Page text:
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Harper's Encyclopedia of United States History (ed. Benson Lossing), Burnt corn Creek, battle of. (search)
Burnt corn Creek, battle of. Peter McQueen, a half-blood Creek Indian of Tallahassee, was a fiery leader among the war party of that nation, wherein civil war was raging in the spring of 1813. This war Tecumseh had stirred up, and the whole Creek nation had become a seething caldron of passion. A British squadron in the Gulf held friendly intercourse with the Spanish authorities at Pensacola. To that port McQueen and 300 followers, with pack-horses, went to get supplies and convey them to the war party in the interior. That party was inimical to the white people settled in that nation, and it was the duty of the military in that region to protect the latter. This protection was not furnished, and the white inhabitants and the peace party among the Creeks prepared to defend themselves. Col. James Caller called out the militia to intercept McQueen. There was a prompt response, and Caller set out with a few followers. He marched towards the Florida frontier, joined on the w
Harper's Encyclopedia of United States History (ed. Benson Lossing), De Soto, Fernando, 1496- (search)
s for the captives, De Soto began his march in June, 1539. He was accompanied by mechanics, priests, inferior clergy, and monks in sacerdotal robes bearing images of the Virgin, holy relics, and sacramental bread and wine, wherewith to make Christians of the captured pagans. At the very outset the expedition met with determined opposition from the dusky inhabitants, but De Soto pressed forward towards the interior of the fancied land of gold. He wintered east of the Flint River, near Tallahassee, on the borders of Georgia, and in March, 1540, broke up his encampment and marched northward, having been told that gold would be found in that direction. He reached the Savannah River, at Silver Bluff. On the opposite side of the stream, in (present) Barnwell county, lived an Indian queen, young, beautiful, and a maiden, who ruled over a large extent of country. In a richly wrought canoe, filled with shawls and skins and other things for presents, the dusky cacica glided across the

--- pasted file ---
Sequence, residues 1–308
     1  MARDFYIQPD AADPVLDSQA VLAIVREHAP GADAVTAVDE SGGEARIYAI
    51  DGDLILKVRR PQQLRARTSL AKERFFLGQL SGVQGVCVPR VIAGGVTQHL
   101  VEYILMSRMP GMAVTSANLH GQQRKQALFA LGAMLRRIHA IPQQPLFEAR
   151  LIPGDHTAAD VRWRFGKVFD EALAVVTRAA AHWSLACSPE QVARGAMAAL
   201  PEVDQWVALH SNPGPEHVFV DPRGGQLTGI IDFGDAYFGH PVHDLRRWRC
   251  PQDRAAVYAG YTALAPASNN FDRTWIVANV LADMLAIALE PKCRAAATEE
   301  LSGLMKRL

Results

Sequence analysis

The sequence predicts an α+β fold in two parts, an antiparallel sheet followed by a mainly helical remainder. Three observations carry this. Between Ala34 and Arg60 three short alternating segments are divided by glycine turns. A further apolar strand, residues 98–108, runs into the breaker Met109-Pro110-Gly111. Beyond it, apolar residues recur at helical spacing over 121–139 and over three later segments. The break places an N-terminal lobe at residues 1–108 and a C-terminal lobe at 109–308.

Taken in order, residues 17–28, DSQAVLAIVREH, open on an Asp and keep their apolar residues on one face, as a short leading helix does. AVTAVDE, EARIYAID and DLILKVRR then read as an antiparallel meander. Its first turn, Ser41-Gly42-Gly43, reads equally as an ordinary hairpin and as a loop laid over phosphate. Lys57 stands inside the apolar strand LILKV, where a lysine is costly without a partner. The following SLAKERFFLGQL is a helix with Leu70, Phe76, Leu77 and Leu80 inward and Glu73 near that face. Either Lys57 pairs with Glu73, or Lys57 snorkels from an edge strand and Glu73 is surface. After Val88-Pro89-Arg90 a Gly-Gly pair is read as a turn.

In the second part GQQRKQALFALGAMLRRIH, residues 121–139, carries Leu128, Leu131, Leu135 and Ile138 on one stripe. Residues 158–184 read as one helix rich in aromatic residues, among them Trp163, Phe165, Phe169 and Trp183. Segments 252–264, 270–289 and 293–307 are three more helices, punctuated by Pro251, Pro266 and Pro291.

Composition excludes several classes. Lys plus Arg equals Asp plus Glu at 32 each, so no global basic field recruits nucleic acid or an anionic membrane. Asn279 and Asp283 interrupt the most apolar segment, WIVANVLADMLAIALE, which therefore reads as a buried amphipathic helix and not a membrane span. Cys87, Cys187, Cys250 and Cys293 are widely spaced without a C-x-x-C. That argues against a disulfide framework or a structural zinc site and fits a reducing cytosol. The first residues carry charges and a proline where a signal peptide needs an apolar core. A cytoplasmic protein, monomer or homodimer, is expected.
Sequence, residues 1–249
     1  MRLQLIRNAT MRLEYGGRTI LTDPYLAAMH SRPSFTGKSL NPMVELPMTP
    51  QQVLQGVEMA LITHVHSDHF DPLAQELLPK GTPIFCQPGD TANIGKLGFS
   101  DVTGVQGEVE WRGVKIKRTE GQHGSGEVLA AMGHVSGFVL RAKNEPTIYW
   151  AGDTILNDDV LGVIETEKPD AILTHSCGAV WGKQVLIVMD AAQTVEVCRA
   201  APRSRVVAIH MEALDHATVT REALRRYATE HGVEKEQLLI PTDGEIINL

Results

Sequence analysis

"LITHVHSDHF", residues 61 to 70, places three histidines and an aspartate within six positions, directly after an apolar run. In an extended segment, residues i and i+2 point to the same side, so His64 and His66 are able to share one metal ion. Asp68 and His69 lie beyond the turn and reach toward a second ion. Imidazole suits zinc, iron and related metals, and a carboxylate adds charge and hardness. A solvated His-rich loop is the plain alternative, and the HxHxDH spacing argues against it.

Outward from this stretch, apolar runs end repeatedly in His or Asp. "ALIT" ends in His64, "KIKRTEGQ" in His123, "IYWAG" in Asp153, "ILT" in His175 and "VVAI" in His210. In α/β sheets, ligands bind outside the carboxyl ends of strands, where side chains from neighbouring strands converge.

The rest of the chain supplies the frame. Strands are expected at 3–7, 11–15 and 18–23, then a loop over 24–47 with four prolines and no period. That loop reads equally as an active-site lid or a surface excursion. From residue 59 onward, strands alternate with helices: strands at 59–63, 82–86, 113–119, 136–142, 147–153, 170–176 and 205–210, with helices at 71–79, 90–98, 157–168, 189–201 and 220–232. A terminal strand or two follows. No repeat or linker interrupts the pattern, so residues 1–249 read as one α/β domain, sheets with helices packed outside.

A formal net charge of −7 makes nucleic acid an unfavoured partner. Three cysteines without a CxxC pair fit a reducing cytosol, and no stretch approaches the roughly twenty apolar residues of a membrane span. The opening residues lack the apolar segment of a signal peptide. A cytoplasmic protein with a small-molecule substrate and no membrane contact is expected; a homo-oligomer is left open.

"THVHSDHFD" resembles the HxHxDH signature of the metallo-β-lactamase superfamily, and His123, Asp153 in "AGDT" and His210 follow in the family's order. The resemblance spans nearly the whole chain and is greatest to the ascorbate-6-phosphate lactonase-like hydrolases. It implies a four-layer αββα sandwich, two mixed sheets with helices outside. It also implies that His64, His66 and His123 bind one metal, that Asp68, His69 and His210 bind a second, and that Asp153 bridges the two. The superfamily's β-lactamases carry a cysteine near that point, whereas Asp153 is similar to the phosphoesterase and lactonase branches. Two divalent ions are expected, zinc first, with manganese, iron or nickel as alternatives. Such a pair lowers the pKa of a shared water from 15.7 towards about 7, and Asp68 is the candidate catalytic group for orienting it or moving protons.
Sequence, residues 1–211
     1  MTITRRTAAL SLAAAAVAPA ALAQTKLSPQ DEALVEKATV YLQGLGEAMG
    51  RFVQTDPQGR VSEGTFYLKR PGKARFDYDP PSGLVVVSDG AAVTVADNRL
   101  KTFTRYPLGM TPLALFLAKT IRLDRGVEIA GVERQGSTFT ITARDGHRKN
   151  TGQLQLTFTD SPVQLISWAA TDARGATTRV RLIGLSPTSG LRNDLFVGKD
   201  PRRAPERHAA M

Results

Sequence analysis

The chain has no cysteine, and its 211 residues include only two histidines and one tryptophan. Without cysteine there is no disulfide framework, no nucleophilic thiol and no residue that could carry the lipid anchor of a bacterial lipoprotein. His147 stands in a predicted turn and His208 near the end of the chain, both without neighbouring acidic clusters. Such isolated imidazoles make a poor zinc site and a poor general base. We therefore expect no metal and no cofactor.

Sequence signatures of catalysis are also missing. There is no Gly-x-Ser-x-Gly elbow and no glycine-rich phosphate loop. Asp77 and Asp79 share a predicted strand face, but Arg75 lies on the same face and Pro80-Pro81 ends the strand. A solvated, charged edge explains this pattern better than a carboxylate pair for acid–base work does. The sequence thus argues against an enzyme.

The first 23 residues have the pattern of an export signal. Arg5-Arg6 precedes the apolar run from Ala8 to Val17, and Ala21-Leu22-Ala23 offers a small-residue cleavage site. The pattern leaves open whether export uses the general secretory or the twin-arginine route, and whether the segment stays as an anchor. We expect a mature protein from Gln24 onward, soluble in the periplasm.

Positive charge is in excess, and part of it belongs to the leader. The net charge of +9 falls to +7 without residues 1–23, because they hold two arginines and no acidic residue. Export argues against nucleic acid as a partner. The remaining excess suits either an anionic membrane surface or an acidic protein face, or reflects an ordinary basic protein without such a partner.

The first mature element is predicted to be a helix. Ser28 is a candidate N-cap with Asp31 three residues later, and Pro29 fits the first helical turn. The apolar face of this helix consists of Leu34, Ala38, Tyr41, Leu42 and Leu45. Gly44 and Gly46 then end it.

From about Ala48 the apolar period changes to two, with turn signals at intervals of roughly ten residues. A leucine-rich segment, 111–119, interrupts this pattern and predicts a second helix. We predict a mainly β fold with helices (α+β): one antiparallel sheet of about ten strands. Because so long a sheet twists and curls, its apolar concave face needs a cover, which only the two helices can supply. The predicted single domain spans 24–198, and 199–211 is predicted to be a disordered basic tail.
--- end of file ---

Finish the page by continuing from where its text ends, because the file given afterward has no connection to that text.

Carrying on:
Harper's Encyclopedia of United States History (ed. Benson Lossing), Florida, (search)
at Pensacola were seized by the Confederates. The State authorities continued hostilities until the close of the war. On July 13, 1865, William Marvin was appointed provisional governor of the State, and on Oct. 28 a State convention, held at Tallahassee, repealed the ordinance of secession. The civil authority was transferred by the national government to the provisional State officers in January, 1866, and, under the reorganization measures of Congress, Florida was made a part of the 3d Milt I have but three men. I now consider myself a prisoner of war. Take my sword, Captain Jones. Anxious to establish an independent empire on the borders of the Gulf of Mexico, Florida politicians met in convention early in January, 1861, at Tallahassee, the State capital. Colonel Petit was chosen chairman of the convention, and Bishop Rutledge invoked the blessing of the Almighty upon the acts they were about to perform. The members numbered sixty-nine, and about one-third of them were Co-